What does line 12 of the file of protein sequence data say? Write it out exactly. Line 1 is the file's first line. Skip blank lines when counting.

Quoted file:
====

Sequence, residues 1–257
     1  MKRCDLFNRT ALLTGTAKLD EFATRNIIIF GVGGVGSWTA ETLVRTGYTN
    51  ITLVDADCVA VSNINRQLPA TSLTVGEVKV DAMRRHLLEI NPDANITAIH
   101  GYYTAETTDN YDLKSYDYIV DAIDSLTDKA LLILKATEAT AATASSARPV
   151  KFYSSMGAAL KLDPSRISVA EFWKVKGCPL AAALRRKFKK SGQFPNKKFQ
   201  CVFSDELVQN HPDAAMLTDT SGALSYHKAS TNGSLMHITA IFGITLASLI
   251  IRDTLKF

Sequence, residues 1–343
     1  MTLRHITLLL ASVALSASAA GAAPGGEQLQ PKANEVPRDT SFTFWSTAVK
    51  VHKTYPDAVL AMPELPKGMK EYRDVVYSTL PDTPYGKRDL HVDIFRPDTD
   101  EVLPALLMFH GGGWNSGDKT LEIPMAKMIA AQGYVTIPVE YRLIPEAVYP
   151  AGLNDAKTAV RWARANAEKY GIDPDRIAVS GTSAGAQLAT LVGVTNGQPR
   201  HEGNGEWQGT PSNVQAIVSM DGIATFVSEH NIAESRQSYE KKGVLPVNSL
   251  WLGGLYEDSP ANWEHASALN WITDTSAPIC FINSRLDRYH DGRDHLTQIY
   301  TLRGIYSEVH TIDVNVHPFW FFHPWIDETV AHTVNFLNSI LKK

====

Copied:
   151  AGLNDAKTAV RWARANAEKY GIDPDRIAVS GTSAGAQLAT LVGVTNGQPR